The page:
Once Stephen shared the news with Cathy about the discovery, Cathy’s daughter helped find her brother Michael on Facebook. Cathy was amazed to see the resemblance between Michael and her mother. “When I saw his picture, I said well well there’s no doubt whatsoever,” Cathy told The Daily Telegraph in an interview. “The resemblance to my mother is quite notable. They have the same eyes.”
It turns out that Cathy and Michael had taken MyHeritage DNA tests almost at the same time. Michael was adopted at 6 months by a Canadian family of Lithuanian Jewish origin. He currently lives in Vancouver, and his adoptive parents passed away in 2014-2015. His partner’s daughter encouraged him to try learning about his roots with MyHeritage, since he had no biological family of his own… or so he thought. He never imagined he’d find a sister.
It appears that Michael was born and placed for adoption during 1952, the year that Cathy and her mother were apart, as he is 5 years younger than she is. “I was sent to live with my great-aunt and her husband in New York while supposedly she was establishing herself in a new country,” says Cathy. “However, the real reason was because she was pregnant with Michael and didn’t want me to know about that so she sent me to relatives. At that point she was encouraged to give the baby up for adoption, as it would be too difficult with 2 young children and work full time. When she came to get me she had had Michael, but never mentioned it to me.”
After several canceled attempts due to strict COVID travel restrictions in Australia, Michael finally traveled to reunite with his sister last October.
Watch the moment they finally met here:
Cathy says that they “clicked almost immediately” and that now she has a “baby brother” she can “boss around, to make up for all the years we missed out on.”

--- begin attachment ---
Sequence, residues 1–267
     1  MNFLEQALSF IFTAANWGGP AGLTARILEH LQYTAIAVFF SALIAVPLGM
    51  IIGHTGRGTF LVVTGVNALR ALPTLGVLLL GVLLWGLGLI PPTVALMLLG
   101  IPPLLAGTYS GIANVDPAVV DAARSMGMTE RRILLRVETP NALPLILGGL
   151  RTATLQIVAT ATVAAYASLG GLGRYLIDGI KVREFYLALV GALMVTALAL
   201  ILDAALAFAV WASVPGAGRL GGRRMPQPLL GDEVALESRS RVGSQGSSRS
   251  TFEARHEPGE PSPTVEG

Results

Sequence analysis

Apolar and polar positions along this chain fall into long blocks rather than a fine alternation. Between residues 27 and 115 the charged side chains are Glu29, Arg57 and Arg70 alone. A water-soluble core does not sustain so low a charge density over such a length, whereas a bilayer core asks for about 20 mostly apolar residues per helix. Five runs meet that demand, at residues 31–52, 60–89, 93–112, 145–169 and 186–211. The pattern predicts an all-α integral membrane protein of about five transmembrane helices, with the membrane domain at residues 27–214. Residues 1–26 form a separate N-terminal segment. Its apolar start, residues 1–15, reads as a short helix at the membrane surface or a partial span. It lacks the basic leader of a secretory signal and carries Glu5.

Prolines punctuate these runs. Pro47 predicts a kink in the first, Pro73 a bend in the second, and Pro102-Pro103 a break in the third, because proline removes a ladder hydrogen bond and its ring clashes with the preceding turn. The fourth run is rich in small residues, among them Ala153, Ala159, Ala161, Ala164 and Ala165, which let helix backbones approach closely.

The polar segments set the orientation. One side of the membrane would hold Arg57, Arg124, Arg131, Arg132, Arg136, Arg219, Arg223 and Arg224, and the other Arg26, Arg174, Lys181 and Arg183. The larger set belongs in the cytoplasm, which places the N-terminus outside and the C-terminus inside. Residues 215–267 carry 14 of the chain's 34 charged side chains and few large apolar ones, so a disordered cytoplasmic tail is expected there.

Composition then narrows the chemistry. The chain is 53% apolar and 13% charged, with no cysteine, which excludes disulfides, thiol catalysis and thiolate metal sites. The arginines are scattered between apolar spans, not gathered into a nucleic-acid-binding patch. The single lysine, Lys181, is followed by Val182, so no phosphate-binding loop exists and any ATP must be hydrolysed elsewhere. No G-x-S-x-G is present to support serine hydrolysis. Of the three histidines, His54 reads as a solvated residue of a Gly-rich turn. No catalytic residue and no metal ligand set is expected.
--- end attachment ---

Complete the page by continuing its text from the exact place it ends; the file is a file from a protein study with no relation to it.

Cathy did eventually discover the identity of her birth father: she found his name on her parents’ marriage certificate, and discovered through Jewish genealogy records in Canada that he was a photographer who apparently displeased the Russians and disappeared without a trace when Cathy was about a year old. “Perhaps he took some pictures the Russians were not happy with,” Cathy guesses. Furthermore, Cathy’s DNA results indicated 54% Jewish origins, while Michael’s indicate closer to 93% Jewish origins — meaning that Cathy’s birth father was not Jewish. Her mother had never mentioned that, either.
“I’m so grateful to MyHeritage and so excited to have found my brother,” says Cathy. “I never would have imagined this in a million years. I think it’s by far the best onsite platform to find out about relatives you did not know you had. The resources and files they have access to is incredible.”
“It took 67 years for me to find my family,” says Michael. “It’s like I’ve turned a whole new page, opening a new chapter in my life.”
Many thanks to Cathy and Michael for sharing their amazing story with us! If you’ve made an incredible discovery with MyHeritage, we’d love to hear your story, too. Please send it to us via this form or email us at email@example.com.
The post She Took a DNA Test to Find Her Father… and Found a Brother She Never Knew Existed appeared first on MyHeritage Blog.
Source: My Heritage